Central Area Culture District
Seattle, Washington, United StatesMap
The Central District is on the east side of Capitol Hill and is considered one of the oldest surviving residential neighborhoods in the city. Throughout its history it has seen many changes in demographics and politics, but has recently seen a period of new construction and community improvement projects which is leading to gentrification and displacement of the historical cultures and fabric of the neighborhood.
The area was first cleared for development in the mid-1800s. It was the ideal place to settle because of its close proximity to the business district. Trees were logged and cable cars were installed, and many homes and buildings were constructed that remain historical landmarks today.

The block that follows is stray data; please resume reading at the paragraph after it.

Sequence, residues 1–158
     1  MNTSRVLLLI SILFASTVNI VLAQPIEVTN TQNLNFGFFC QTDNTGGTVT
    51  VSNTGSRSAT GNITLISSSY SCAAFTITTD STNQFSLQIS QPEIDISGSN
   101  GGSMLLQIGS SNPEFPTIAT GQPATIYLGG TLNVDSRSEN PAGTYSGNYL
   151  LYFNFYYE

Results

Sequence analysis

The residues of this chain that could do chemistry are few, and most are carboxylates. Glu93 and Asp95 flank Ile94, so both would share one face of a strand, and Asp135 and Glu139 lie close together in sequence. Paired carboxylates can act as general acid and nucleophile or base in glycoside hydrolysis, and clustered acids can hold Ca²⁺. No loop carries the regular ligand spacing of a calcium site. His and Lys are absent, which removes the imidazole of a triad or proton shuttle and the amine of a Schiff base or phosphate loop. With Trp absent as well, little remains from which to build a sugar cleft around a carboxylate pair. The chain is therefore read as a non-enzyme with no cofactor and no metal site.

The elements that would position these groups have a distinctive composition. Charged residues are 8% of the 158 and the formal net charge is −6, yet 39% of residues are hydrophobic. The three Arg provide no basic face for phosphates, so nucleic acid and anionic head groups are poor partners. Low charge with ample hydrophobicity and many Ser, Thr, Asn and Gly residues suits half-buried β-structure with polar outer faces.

At different times, the area was home to different cultural groups. First were European Americans, then Japanese, Jews, and African Americans. The Central District was an area of racial tension during the Civil Rights era, due to housing discrimination. The Central Area was created by Seattle’s documented practice of “redlining” in which African Americans and others considered minorities were relegated to a certain geographical boundary, and not allowed to live in other neighborhoods throughout the City.